A potentially precedent-setting case about how big game hunting licences and tags are handed out in the Ross River area wrapped up Wednesday.
The Ross River Dena Council and the Yukon government were in Yukon Supreme Court for two days over the issue.
Justice Ron Veale has reserved his decision with no word on when he might come back with an answer.
The First Nation is asking for a court declaration that the government has a duty to consult it before issuing hunting tags and licences for big game in the First Nation’s traditional territory.
On the other side, the government insists the First Nation’s concerns are not supported by any evidence.
The government has brought in lawyer Thomas Issac, an aboriginal law expert from Calgary, to argue its case.
Issac said the government has a good working relationship with Ross River Dena Council, particularly on wildlife matters.
“The instructions that I received from the government of the Yukon were very clear, that we wanted to put forward a fair, balanced defence,” Issac said outside the court.
“But it’s very difficult when there’s no evidence that you’ve done something wrong.”
The First Nation has already won a similar case dealing with the same block of land – about 63,000 square kilometres in the north end of the Kaska traditional territory, covering the communities of Ross River and Faro.
In that case two years ago, the court of appeal ruled the Yukon government needs to consult with unsigned First Nation governments, like Ross River, before a mineral claim is staked on its traditional lands.
The government tried to take the case to the Supreme Court of Canada but was denied.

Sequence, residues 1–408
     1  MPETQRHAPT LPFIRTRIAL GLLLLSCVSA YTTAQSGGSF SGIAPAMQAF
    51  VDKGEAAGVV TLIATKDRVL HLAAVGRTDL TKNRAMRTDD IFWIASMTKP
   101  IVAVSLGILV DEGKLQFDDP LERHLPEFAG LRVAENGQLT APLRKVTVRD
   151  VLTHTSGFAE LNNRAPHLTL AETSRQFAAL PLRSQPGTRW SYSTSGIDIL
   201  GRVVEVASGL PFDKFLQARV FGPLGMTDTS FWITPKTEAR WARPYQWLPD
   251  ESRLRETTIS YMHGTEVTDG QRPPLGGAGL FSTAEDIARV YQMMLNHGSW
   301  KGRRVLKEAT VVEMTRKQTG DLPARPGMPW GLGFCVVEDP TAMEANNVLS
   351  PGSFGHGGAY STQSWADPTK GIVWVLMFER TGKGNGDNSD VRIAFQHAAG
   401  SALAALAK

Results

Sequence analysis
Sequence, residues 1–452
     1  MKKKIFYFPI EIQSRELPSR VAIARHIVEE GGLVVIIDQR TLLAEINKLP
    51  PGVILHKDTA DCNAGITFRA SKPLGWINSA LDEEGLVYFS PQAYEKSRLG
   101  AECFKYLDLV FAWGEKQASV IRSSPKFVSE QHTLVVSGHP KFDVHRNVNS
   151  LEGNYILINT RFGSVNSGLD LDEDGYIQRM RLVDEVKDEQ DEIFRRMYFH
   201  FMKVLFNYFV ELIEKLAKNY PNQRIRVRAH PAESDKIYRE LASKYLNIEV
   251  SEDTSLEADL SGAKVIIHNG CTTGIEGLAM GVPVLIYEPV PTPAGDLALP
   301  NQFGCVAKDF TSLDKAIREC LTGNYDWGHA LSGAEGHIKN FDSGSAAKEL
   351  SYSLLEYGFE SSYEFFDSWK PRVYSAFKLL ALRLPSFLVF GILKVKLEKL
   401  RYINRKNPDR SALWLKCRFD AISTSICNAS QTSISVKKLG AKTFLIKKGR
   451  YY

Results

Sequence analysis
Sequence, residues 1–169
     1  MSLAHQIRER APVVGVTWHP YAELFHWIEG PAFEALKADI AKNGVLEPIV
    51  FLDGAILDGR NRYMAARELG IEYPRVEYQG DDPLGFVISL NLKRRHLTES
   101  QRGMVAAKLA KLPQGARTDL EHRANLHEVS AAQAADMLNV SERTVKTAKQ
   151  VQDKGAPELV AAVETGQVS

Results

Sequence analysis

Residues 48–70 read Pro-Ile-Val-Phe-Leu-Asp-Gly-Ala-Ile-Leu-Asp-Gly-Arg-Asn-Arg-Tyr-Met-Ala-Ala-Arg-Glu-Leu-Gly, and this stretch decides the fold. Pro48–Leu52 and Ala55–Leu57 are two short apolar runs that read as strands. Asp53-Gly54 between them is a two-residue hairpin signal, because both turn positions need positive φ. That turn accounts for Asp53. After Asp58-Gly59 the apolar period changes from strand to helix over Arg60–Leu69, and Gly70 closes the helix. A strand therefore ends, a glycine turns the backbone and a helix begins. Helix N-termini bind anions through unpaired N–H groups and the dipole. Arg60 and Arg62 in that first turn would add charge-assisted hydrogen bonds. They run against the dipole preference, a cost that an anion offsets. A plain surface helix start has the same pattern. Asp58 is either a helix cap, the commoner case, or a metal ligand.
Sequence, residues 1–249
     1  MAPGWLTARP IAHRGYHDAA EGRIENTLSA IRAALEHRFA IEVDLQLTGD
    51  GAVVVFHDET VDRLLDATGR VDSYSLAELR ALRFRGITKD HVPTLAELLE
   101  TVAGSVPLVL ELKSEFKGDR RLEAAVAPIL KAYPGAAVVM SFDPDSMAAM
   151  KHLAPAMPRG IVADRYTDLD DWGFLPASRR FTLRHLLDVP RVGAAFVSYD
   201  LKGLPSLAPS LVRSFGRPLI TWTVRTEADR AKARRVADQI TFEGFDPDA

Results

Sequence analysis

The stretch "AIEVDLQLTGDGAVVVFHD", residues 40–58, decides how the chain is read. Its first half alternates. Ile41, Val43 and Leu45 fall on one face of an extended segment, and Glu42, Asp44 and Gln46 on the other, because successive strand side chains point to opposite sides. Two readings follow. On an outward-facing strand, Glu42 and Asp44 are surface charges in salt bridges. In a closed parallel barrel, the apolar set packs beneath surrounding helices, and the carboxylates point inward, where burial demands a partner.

New staking has been banned in the area ever since while the government consults and continues to work on updating the regulations.
While the First Nation’s lawyer, Stephen Walsh, says this latest case is “deja vu all over again,” Issac insists what Ross River wants now is different from the staking case.
In that case the First Nation had a problem with specific regulations. He called this latest request a wide-ranging declaration “that you couldn’t put four corners around.”
“In this case, Ross River has asked for a duty to consult prior to the issuance of licences and tags,” he said.
“So then it begs the question, well, what are we consulting on? Are we consulting on licences and tags? Are we talking about the decision around quotas? Are we talking about closed hunting season? Are we talking about setting conditions on permits?”
Walsh, meanwhile, has maintained it’s clear the government must consult prior to issuing hunting licences and big game tags for hunting inside Ross River’s traditional territory.
The First Nation is not seeking to be consulted on each individual licence. Instead, they want something more overarching at the beginning of the hunting season.
It is not challenging the way things have been done in the past, but wants the declaration from the court on any future decisions.
Walsh contends the Crown has a duty to consult when it has knowledge of potential rights and title of a First Nation and is considering an action that might impact those rights.
In this case, sport hunters could compete with the right of First Nations subsistence hunting.
Gord Zealand spoke on behalf of the Yukon Fish and Game Association, which was given intervenor status in the hearing.
Zealand told the judge issues like this could be taken to the Yukon Wildlife Management Board, which is made up of representatives from Yukon First Nations and from the Yukon government.
Walsh pointed out that the First Nation appointments are made by the Council of Yukon First Nations, and Ross River is not a part of that organization.
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